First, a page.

This guide focuses on Australians serving in World War 1. It also includes some information relevant to Great Britain, other Commonwealth nations and other combatant nations. There is a section on nurses and women's war occupations.
Prime Minister Billy Hughes made two attempts to introduce conscription: two conscription referenda were held in 1916 and 1917. Both lost to the 'no' vote. Feelings on the issue ran high and bitterly divided the community. While many politicians favoured conscription, it was strongly opposed by many in the community.
People's reasons for being either pro or anti-conscription varied: support for conscription usually originated from a sense of loyalty to Britain, which was seen as the Motherland, outrage at Germany's attack on Belgium and France or out of fear for Australia's safety if Britain lost the war. Women were encouraged to shame their male relatives into joining the army.
Some young men wanted to join the army for adventure and excitement. Unions tended to be anti-conscription, because they feared their jobs would be taken by foreign labour or women.
Being anti-conscription was not the same as being anti-war: some of the men already at the front, themselves volunteers, were anti-conscription, because they did not want to fight alongside men who did not want to be there. They considered it could affect their morale and ability to fight cohesively.
Other people, often women, were against war itself. An Anti-Conscription League was formed and the Women's Peace Army, a movement driven by the indomitable Vida Goldstein, mounted a fierce campaign against the war and conscription.
Outspoken Catholic Archbishop of Melbourne, Daniel Mannix, was also vehement in his opposition to the war and to conscription. However, many Catholics raised in Australia supported conscription and the war.
You can search for materials on conscription on the State Library catalogue. Type the word conscription in the search box and click Search. When the list of results appears, you can make your search more specific: click on the Resource type, for example books, pictures or manuscripts, and you can limit by Creation date, that is, the year of publication.
The following websites provide information on the conscription referenda:
Have a look at the Old Heritage Building website which discusses the contentious conscription issue, with photographs and conscription pamphlets. It also discusses the famous personalities involved on both sides of the issue.
The Australian War Memorial encyclopedia briefly covers many topics including conscription, with references you can follow up.
Historic newspapers and magazines written during World War I provide a rich resource on the conscription debate. They reveal the thoughts and feelings of different people at the time, as well as factual material and propaganda.
Read original World War I newspapers on the National Library of Australia Trove website. Trove gives you scanned images of many old Australian newspapers published before, during and after the World War I years. You can search a particular newspaper or search all the newspapers using a keyword topic such as conscription. You can choose to browse the issues.
Go to the Trove newspapers page to see the titles. You can click on the title of the newspaper you want and type a term in the search box at the top right of the page. Click on the box "Limit to issues of this title." This lets you find articles on conscription and other subjects. Or you can just search all the newspapers using the term conscription. Try the term conscription referendum to find information about the referenda (there were two, one in 1916 and one in 1917).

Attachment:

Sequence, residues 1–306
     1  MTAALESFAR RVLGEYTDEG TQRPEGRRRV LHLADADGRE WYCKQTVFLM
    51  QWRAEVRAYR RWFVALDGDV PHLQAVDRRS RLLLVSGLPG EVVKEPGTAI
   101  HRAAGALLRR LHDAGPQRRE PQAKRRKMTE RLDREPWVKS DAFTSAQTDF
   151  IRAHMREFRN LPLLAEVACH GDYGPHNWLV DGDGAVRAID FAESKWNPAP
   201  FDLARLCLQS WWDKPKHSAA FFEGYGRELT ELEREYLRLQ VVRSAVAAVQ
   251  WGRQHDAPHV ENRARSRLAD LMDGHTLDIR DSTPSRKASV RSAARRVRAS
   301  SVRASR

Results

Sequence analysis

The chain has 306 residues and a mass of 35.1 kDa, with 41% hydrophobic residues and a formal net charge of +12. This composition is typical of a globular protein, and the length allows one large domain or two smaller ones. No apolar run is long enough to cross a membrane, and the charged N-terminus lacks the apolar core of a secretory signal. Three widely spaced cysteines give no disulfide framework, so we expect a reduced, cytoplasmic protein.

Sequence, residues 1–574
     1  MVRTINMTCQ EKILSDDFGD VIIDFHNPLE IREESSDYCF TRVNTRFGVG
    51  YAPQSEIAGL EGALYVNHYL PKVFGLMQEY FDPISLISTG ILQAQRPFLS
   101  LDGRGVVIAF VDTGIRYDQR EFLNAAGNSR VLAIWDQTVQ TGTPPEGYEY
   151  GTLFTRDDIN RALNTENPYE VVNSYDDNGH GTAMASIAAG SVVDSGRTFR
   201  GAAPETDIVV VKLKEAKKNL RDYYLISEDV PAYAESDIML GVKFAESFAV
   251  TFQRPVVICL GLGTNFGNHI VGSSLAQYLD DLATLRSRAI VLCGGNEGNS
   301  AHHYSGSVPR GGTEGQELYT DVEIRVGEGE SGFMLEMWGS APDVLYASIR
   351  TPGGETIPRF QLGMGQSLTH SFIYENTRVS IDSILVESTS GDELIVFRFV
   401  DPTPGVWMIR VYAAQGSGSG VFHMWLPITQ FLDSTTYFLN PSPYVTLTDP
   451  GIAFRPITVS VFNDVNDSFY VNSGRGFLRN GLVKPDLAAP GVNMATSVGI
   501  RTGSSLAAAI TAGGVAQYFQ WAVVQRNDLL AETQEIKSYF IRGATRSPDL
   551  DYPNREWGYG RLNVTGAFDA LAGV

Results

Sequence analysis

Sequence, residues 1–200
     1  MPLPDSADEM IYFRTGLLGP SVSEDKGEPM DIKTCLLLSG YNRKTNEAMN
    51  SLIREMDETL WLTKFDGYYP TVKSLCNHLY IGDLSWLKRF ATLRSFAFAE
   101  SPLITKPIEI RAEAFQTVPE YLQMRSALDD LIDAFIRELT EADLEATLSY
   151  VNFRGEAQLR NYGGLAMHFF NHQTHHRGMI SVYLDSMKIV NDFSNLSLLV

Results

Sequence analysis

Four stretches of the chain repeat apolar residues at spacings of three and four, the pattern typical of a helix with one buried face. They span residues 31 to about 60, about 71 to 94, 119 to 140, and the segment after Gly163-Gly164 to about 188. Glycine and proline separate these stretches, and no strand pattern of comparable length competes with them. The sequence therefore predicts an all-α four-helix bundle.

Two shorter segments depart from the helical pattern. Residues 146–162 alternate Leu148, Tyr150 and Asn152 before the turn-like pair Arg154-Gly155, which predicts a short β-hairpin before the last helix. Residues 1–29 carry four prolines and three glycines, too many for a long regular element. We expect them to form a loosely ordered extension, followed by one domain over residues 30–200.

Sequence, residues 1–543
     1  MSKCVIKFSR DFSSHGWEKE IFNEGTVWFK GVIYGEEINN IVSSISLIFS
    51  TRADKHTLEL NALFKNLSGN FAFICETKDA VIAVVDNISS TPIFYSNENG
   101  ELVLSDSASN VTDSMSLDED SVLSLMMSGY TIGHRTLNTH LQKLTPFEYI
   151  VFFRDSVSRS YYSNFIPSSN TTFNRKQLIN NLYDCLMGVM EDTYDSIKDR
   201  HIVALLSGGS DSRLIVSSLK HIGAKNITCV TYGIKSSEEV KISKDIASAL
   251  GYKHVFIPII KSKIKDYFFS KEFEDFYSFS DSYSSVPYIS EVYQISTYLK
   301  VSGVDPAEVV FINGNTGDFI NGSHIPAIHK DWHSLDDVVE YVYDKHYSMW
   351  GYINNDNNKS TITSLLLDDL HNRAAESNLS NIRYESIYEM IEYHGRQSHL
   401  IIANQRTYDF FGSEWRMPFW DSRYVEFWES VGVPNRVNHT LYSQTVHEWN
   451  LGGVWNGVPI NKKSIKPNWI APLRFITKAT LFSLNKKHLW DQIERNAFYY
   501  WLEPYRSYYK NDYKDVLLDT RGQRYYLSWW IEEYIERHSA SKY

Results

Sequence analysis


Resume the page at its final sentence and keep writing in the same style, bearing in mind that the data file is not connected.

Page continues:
Trove has the full text of The Age and The Argus newspapers for World War I, as well as many interstate and country newspapers. Not all newspapers are on Trove: The Sun, published in Melbourne, is not here.
Vida Goldstein's female suffrage and anti-war magazine The Woman voter, is on Trove for the years 1911 to 1919. It is held at the State Library from 1909.
An Advanced Search lets you combine multiple search terms, dates and states of Australia.
Original government documents relating to the 1916 and 1917 plebiscites are held by the National Archives of Australia.
Click this link to see the ballot paper for the Military Service Referendum Act 1916.
Click on this link to see the Commonwealth Government Writ for a Referendum showing the question for 20 December 1917 and the results.
While these are often referred to as referendums, they were actually plebiscites. The government had the power to introduce conscription and did not require a referendum to change the constitution. However they held a plebiscite in the hope of having popular mandate.
This is a unique collection of political pamphlets and posters from Victorian political and community organisations. Some items have been digitised and can be viewed online.
The collection includes items dealing with World War I conscription. Go to the Search & Discover page and type in the words Riley conscription to find catalogue records of items. Select an item to view. If there is a link saying View Online or you can see a book icon, click on it to go to an online image.
Not all items appear online. Where there is no View Online link or an icon, phone 8664 7009 to request the item from the Riley and Ephemera Collection.
Australian Nationalists Item from the Riley and Ephemera Collection.
To find books and pamphlets, go to the State Library online catalogue
Search terms: Use the subject or keyword terms Draft Australia to find books and pamphlets listed on our catalogue.
Click on the link Creation Date to limit the search to items published during or near the World War I years.
Click on Advanced Search if you want to search using more terms or phrases.
Pamphlets are contemporary material, valuable because they reveal contemporary attitudes and ideas. They are nearly always out of print and difficult to obtain.